Publisher: SAMS Publishing
Mike Wolf, author of Speed!
Understanding and Installing Home Networks, is an
analyst for the Cahners In-Stat research group. He specializes
in "residential connectivity technologies" and
brings a wealth of professional background to covering home
network installation. Luckily, he doesn't bring any stodgy,
research-report writing with him. He manages to convey the
subject of home networking technology and setups in a conversational
and easy to follow manner.
This well organized book is jam packed with details about
the things that affect any network builder, such as setting
up Windows - even XP, which gets extensive coverage - or
understanding IP addresses used on a private network. At
the same time, he manages to gloss over details that would
make a book like this appear dated in a few months. For
instance, you'll find few mentions of specific networking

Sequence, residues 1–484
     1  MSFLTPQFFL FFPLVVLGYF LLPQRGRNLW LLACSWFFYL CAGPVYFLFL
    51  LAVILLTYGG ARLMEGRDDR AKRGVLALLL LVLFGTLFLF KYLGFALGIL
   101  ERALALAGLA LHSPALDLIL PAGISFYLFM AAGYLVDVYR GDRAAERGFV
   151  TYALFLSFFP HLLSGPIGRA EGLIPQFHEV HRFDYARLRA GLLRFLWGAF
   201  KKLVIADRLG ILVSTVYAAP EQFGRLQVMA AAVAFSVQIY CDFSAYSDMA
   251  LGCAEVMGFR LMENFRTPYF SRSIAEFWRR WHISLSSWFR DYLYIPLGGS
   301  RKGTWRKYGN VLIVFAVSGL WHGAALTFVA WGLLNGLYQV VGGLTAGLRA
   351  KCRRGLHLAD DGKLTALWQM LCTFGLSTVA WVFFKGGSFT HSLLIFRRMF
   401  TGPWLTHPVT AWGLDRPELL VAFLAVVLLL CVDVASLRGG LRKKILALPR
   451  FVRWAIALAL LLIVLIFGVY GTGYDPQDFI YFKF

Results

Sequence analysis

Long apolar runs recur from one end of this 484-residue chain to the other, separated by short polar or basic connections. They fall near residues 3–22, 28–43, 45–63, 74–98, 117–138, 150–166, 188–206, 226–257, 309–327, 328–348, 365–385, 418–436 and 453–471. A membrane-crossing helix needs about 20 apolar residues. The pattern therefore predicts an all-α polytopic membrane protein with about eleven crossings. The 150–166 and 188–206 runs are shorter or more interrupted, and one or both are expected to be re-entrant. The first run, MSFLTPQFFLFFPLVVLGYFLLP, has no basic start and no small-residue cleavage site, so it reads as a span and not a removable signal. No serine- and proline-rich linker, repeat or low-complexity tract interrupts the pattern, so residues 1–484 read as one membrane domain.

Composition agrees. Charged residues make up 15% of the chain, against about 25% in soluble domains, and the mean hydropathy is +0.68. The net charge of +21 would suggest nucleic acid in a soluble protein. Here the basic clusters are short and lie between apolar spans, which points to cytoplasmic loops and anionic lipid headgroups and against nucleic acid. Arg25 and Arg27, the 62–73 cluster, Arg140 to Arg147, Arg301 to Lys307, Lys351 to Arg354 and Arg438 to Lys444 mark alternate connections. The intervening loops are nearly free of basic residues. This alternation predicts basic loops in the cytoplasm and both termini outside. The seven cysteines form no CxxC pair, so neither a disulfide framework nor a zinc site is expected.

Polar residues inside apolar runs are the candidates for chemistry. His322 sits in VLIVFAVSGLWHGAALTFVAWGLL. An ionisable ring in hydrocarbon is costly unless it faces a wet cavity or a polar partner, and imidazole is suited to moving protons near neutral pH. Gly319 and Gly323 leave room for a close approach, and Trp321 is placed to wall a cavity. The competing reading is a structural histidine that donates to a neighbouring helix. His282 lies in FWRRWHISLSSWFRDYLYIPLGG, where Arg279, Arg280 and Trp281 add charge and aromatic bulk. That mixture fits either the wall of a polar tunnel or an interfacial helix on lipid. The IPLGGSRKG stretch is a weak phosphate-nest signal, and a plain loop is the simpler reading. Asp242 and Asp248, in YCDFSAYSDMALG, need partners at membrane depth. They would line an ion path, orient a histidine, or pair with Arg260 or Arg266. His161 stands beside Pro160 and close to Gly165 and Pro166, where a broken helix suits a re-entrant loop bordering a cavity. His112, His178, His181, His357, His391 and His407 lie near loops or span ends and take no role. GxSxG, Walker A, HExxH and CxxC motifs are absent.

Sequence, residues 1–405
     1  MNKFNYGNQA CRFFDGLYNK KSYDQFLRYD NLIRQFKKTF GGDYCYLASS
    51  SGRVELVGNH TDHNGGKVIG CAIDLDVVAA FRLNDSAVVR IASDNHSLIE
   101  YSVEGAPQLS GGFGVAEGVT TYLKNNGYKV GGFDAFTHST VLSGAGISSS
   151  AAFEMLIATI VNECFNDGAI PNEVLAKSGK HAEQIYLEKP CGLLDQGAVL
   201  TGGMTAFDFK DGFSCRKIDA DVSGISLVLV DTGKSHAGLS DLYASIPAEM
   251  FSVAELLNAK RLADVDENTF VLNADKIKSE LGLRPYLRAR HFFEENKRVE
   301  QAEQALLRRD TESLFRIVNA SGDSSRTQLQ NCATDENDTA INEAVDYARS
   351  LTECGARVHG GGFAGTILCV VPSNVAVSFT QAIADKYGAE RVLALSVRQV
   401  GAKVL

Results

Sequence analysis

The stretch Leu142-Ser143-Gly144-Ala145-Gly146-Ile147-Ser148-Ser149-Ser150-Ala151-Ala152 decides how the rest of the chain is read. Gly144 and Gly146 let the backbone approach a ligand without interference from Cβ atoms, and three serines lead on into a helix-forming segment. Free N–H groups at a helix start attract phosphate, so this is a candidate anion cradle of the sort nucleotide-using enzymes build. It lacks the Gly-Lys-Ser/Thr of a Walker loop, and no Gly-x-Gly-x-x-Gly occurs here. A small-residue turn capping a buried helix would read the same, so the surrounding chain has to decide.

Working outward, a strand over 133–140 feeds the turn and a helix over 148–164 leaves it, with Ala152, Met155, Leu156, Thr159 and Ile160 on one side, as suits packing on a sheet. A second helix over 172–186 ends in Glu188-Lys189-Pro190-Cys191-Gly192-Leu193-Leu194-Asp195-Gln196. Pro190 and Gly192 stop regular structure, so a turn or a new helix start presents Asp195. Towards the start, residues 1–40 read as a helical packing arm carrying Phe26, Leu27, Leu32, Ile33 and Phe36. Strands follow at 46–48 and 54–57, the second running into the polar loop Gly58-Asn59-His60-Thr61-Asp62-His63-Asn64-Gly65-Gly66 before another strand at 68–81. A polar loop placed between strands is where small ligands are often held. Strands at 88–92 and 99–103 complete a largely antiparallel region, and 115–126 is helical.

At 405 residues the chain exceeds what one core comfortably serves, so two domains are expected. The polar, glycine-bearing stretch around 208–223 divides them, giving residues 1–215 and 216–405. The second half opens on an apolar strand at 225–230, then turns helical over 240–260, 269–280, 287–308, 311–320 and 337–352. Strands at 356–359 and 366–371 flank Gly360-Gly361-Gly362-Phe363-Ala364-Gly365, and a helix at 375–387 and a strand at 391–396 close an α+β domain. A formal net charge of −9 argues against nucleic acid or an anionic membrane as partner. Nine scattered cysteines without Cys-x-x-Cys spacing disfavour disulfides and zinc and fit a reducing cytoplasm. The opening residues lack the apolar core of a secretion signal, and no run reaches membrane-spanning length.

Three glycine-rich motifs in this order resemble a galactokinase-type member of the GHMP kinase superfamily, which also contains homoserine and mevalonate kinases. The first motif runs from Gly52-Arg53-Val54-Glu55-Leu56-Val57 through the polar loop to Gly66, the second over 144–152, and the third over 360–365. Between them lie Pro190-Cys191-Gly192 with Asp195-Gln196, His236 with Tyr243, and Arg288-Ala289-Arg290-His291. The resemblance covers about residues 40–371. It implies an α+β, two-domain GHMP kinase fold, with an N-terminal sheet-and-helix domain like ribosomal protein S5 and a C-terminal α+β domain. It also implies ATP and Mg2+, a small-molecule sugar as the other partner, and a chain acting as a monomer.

products, though he does name a few stand-bys from Netgear,
Linksys and the like when covering routers and Network Attached
Storage. He gets more specific when talking about home automation,
which is an area sewn up by X-10 (the company and the technology).
24 chapters are grouped into sections that cover first
network planning -- the part most of us skip - and move
on to the actual wiring and hardware options for Ethernet,
wireless, phoneline, and powerline. The software setup section
is where the book really shines, with thorough coverage
of setting up Windows Me and XP (which is easily extrapolated
to Windows 98 and 2000, respectively). Macintosh networks
are covered in a separate chapter with descriptions of setting
up straight peer-to-peer connections, bridging Ethernet
with LocalTalk, and more.
Sharing Internet connections rates its own section - covering
it is Wolf's day job, after all - and goes from basic "what
is broadband" to describing Internet sharing as hard
(with a router) or soft (via ICS or proxy software).
The next sections cover the fun stuff like gaming and how
the future is leading to specialized devices on the network,
whether for storage or connecting your network appliance
or PDA. Much of this is opinion and conjecture, as there
are no proven killer apps in this area yet.
While those later chapters are fun and interesting, the
"understanding and installing home networks,"
as the subtitle of the book suggests, is the guts of it,
and Wolf does a remarkable job making it easy for novices